American RadioWorks |
boots-to-books

From Boots to Books

The longest war in American history is drawing to a close. Now, the men and women who served are coming home, and many hope to use higher education to build new, better lives. They have help from the Post-9/11 GI Bill, a piece of legislation that many advocates say offers more support to returning veterans than any policy since the original GI Bill of 1944. In this documentary, we explore how the first GI Bill revolutionized the lives of millions of young veterans, America’s institutions of higher education, and American society at large. But America’s economic and academic systems have changed, and veterans today are returning to a very different reality than their predecessors.

Recent Posts

  • 09.03.15

    The history of the GI Bill

    A staggering 16 million soldiers returned home from World War II, and millions of them went to school. Because GI Bill benefits were generous enough to pay for any college in the country, veterans flooded all types of institutions, from elite schools like Harvard to large state schools, to vocational schools. By 1947, half of all college students in America were veterans.
  • 09.03.15

    The front lines of the long journey home

    Colleges and universities have become the front lines of one of the great challenges posed by war: how to reintegrate the people who've served.
  • 09.03.15

    The GI Bill: One of the last great economic ladders?

    The Post-9/11 GI Bill was supposed to change where veterans could go to college by giving them more money, and, therefore, more options. But since the new bill went into effect in 2009, the percentage of veterans enrolling at four-year public and private nonprofit schools has barely budged.
  • 08.27.15

    A different approach to teacher learning: Lesson study

    In the United States, we tend to think that improving education is about improving teachers - recruiting better ones, firing bad ones. But the Japanese think about improving teaching. It's a very different idea.

American RadioWorks |
boots-to-books

From Boots to Books

The longest war in American history is drawing to a close. Now, the men and women who served are coming home, and many hope to use higher education to build new, better lives. They have help from the Post-9/11 GI Bill, a piece of legislation that many advocates say offers more support to returning veterans than any policy since the original GI Bill of 1944. In this documentary, we explore how the first GI Bill revolutionized the lives of millions of young veterans, America’s institutions of higher education, and American society at large. But America’s economic and academic systems have changed, and veterans today are returning to a very different reality than their predecessors.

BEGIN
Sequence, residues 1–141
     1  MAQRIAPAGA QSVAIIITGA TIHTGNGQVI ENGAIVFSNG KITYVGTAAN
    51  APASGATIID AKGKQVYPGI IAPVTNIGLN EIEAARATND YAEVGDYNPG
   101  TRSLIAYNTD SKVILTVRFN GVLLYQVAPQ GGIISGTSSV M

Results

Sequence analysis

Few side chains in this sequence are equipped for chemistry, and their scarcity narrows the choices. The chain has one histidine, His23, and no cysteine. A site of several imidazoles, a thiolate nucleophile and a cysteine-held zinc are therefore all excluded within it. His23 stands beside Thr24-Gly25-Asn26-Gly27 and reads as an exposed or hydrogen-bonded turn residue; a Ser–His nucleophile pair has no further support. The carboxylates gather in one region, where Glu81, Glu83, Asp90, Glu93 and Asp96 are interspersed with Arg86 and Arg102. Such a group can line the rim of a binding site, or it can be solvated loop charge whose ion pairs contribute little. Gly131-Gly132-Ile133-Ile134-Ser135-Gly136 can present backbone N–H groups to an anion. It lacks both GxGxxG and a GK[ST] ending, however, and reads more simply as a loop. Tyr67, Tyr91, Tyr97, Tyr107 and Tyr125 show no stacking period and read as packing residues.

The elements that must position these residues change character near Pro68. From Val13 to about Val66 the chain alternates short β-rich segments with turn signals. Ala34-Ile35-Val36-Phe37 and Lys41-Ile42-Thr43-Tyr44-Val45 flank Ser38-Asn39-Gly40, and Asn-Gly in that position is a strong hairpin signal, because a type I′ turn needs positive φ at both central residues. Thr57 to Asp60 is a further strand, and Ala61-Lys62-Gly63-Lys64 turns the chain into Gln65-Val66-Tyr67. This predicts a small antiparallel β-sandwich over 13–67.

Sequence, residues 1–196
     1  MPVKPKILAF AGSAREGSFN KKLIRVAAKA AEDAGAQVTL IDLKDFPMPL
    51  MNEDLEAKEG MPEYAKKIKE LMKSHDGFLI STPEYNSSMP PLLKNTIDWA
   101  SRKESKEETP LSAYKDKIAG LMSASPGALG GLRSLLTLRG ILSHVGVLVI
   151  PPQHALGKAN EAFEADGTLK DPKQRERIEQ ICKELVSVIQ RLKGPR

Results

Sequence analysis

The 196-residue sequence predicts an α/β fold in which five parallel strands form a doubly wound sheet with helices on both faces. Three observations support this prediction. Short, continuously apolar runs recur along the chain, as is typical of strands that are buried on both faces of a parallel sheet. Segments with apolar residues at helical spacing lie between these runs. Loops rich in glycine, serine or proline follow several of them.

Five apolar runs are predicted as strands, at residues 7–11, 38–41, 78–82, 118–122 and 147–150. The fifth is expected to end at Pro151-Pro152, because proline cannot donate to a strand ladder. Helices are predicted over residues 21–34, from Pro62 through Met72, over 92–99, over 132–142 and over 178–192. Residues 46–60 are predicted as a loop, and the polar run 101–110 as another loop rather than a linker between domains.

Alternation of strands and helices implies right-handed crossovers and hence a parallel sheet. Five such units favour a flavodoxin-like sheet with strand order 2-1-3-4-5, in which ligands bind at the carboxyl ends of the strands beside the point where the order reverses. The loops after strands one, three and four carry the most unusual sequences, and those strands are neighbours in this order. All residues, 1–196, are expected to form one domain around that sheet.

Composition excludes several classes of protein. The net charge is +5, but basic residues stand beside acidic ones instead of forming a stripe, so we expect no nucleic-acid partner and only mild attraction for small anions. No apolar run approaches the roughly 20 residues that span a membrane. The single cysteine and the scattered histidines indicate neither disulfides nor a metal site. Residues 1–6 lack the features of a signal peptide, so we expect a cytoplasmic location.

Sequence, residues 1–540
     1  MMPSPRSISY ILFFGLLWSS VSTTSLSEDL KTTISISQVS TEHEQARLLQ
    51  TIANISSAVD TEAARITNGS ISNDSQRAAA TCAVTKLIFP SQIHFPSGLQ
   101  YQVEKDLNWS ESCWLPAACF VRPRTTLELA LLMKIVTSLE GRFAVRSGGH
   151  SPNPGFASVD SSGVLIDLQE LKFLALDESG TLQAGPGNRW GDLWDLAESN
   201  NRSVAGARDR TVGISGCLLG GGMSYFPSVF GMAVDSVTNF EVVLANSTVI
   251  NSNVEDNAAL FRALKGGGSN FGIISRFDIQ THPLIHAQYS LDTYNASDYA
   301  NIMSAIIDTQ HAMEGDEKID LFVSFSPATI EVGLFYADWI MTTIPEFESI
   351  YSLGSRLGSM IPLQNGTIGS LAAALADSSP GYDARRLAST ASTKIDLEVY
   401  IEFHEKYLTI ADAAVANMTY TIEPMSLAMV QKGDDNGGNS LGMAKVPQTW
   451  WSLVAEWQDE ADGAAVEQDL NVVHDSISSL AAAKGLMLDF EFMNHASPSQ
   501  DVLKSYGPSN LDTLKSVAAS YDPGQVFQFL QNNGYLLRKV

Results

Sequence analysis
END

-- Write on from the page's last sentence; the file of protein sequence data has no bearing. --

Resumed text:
Recent Posts

  • 09.03.15

    The history of the GI Bill

    A staggering 16 million soldiers returned home from World War II, and millions of them went to school. Because GI Bill benefits were generous enough to pay for any college in the country, veterans flooded all types of institutions, from elite schools like Harvard to large state schools, to vocational schools. By 1947, half of all college students in America were veterans.
  • 09.03.15

    The front lines of the long journey home

    Colleges and universities have become the front lines of one of the great challenges posed by war: how to reintegrate the people who've served.
  • 09.03.15

    The GI Bill: One of the last great economic ladders?

    The Post-9/11 GI Bill was supposed to change where veterans could go to college by giving them more money, and, therefore, more options. But since the new bill went into effect in 2009, the percentage of veterans enrolling at four-year public and private nonprofit schools has barely budged.
  • 08.27.15

    A different approach to teacher learning: Lesson study

    In the United States, we tend to think that improving education is about improving teachers - recruiting better ones, firing bad ones. But the Japanese think about improving teaching. It's a very different idea.

Back to The Data

Office of

Sam Brownback


Total cost of 69 office trips: $131,319.15


Trips by Sam Brownback